29 January 2011

Adams Landing or CCC?

Along South Birch Road in Tippecanoe Township is a hillside retreat along the Tippecanoe River. Generations have grown up with the stone steps and walled embankment referring to it as "the wall" or the swimming hole.

The area has all of the trademarks of a New Deal project, either by the Civilian Conservation Corps or the Works Progress Administration, but a few facts make it hard to pinpoint if indeed it actually is a New Deal project. First, the property was privately owned. New Deal work was never undertaken on private property, or even non-profit property. In the case of the Izaak Walton League building, the League had to turn the property over to the US Bureau of Fish Hatcheries to have the clubhouse constructed. The second item is that it cannot be found in the listing of Federal Relief work in Marshall County.

Recently research was undertaken on the history of the Argos Izaak Walton League which may shed some light on "the wall". The league was established in 1926. They held fish fries along the Tippecanoe River at a place called "Adams Landing". The league constructed ovens at Adams Landing and it was there that a benefit supper was held to raise funds to purchase the property the League now uses as its home. In the Argos Izaak Walton League Building is a photograph of "the wall", but without a caption. Could the stonework have been created by the League given the popularity of the site as a fishing hole? No one in the area has ever heard of Adams Landing.

Creighton Bros. of Warsaw were the owners of the property until recently when Wythougan Valley Preservation acted as a liaison in the transfer of the property to Pottawatomie Wildlife Park. The stonework is in rough condition, however, the park has already made some stabilization to the wall. We anticipate working with the park in restoring this site because whether or not it is a CCC work, or the work of the Izaak Walton League, it is still an important piece of heritage to the residents of Tippecanoe Twp.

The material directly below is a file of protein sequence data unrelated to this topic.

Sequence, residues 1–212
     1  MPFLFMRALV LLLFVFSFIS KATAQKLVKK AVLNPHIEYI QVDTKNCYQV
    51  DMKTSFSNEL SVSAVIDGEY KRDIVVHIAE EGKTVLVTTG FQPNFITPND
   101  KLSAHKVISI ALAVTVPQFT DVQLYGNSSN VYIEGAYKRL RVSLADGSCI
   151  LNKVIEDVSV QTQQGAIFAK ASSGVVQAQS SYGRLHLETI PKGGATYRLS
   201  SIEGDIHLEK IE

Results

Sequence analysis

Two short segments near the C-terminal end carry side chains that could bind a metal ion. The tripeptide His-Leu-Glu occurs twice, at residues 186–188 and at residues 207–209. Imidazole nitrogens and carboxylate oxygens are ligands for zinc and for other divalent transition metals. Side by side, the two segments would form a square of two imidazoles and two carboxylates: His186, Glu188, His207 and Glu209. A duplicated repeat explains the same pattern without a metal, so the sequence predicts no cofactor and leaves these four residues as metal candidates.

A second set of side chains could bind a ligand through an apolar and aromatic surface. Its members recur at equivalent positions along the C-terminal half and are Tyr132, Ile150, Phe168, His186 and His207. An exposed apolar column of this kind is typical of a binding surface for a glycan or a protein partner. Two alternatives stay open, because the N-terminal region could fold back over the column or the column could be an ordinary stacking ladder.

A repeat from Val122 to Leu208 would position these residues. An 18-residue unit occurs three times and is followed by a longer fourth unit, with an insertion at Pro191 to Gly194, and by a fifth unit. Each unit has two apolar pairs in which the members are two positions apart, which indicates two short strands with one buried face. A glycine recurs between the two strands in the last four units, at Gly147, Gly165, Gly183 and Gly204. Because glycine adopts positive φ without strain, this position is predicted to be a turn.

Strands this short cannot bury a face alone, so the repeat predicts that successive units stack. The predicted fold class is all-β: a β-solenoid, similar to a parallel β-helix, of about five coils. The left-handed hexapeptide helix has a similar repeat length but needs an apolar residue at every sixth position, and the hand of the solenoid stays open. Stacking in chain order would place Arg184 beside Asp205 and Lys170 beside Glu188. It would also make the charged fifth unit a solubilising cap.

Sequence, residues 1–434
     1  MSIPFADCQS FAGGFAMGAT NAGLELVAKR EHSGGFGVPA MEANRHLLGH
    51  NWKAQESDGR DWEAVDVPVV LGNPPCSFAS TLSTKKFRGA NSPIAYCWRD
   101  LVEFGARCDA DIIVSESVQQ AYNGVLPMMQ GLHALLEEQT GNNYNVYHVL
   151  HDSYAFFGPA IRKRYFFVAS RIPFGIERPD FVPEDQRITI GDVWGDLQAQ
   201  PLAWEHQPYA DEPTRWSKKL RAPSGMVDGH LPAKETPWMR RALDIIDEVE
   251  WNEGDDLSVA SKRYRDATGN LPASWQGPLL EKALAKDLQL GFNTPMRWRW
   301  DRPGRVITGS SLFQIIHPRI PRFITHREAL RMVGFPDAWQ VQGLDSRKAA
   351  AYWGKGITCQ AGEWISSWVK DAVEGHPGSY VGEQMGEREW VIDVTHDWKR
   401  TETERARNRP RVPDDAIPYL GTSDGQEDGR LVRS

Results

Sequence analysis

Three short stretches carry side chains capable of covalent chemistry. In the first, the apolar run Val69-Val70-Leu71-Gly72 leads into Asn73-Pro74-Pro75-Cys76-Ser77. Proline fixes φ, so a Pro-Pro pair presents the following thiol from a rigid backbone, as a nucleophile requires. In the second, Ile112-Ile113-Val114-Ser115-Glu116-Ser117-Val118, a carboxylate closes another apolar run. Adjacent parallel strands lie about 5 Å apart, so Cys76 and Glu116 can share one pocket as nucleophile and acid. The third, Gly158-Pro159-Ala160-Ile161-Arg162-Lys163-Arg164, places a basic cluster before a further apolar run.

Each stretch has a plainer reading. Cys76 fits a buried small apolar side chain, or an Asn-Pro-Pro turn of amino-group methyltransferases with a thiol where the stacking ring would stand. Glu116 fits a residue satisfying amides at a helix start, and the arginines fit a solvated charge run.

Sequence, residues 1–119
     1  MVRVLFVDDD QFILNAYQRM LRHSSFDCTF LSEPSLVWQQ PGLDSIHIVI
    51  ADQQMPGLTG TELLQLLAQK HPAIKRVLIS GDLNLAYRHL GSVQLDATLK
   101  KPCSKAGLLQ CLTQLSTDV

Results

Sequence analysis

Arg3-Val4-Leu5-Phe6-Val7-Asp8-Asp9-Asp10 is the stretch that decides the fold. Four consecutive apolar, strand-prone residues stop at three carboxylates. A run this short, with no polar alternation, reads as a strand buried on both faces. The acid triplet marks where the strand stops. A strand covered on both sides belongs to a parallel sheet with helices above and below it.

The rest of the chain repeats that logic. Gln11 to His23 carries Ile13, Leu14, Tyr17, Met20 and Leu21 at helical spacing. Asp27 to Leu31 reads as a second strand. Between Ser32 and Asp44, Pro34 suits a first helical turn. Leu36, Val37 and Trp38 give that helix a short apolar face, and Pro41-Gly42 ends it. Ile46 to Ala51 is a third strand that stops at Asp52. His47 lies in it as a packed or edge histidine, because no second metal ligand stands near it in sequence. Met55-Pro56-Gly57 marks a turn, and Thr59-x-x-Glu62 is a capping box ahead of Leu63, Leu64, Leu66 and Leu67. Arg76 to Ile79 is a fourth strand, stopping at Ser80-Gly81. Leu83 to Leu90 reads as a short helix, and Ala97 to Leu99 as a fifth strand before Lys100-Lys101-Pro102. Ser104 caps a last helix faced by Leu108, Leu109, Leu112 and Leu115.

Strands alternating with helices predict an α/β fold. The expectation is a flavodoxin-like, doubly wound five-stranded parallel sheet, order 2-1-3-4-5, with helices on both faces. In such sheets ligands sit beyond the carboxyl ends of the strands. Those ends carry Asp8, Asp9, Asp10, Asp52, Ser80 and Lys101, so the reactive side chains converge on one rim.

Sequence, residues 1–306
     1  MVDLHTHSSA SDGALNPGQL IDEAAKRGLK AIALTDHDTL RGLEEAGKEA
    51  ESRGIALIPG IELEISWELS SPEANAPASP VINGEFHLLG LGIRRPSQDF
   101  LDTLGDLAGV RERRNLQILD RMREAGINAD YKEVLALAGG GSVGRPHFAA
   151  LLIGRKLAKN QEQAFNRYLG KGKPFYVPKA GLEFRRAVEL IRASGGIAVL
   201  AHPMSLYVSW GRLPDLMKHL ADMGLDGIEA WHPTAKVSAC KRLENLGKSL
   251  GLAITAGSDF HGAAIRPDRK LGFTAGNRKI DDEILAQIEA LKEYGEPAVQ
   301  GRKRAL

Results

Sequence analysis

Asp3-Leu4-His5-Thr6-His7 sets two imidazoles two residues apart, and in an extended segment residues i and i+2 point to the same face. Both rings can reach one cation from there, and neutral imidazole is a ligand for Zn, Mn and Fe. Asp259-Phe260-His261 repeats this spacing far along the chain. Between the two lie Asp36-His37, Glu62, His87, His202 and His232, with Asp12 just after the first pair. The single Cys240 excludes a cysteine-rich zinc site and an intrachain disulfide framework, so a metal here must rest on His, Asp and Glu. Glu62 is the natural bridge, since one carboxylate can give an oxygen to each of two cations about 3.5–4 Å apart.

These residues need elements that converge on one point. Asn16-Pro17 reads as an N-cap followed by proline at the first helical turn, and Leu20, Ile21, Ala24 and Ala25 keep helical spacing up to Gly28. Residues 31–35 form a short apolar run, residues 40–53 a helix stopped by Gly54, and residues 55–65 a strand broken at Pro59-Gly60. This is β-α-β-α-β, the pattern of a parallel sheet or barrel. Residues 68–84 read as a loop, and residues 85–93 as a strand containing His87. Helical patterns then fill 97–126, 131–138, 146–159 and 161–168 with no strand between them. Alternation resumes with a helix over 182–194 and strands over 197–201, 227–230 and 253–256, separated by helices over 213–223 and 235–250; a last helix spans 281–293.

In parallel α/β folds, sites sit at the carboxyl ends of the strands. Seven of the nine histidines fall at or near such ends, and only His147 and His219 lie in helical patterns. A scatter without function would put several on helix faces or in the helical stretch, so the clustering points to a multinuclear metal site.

26 January 2011

Wards: the first cookie-cutter?

Wards Headquarters in Chicago

In 1996 I began work on a project that revealed a great deal about the emerging national economy based on chain department stores. The large, two and a half story, downtown building had been covered in sleek aluminum panels during the 1970s. Once the panels were removed and the gleaming white terra cotta facade was exposed, one certainly wondered why cover the building and do so much damage to the building?

But, it is what we Americans do to try to modernize and keep up with the Joneses (what is the plural of Jones?). So began the restoration saga of this building, aided by the original blueprints created for Montgomery Wards. The Wards corporation was begun by Aaron Montgomery Wards in 1872 as a catalog store, meaning you could order things through the catalog that you may view at local catalog outlets. But you couldn't buy those items on display.

1929 Wards Store in Plymouth

That all changed when one gentleman walked into a Wards catalog store in downtown Plymouth, Indiana in 1926. As the story goes, the man broke a tool and desperately needed to replace it immediately. He persuaded the manager of the catalog store to sell him the tool that day, and the rest, well, is history. The popularity made the Plymouth store the first retail store for Montgomery Wards, headquartered out of Chicago.

Restoring the Spirit of Progress

By 1928, only two years later, Wards had opened 244 stores. By 1929 that number had grown to 531-one of which was a new gleaming store in Plymouth opened just days before the stock market crash. Wards adopted a model for its many stores; these were largely constructed in white terra cotta, some with brown brick, and terra cotta details. A few things are dead give-aways of these stores, should you be on the hunt.

Wards Store Restored, 1997

Typically the stores have large upper story windows in either two or three bays; the window openings are curved in the upper corners. The stores also often had terra cotta urns of flowers on piers extending above the parapet. But the primary indicator, though not found on all Wards buildings, is the depiction of the "Spirit of Progress" and sometimes called the "Lady of Industry" that was inspired by the 1893 Chicago Exposition. In 1929 Wards had a large sculpture of the Spirit commissioned (17' tall) and placed on a four story tower it added to its Chicago headquarters on the Chicago River. Unfortunately the Plymouth store's Spirit had its top half broken off to add the modernizing metal panels. We were able to recreate the top perfectly.

A Wards Store in Texas

This all came back to me when my friend at Down the Road sent me a flicker page with a collection of Wards buildings around the country. It is fantastic to see so many in good condition and repurposed. Do you have one?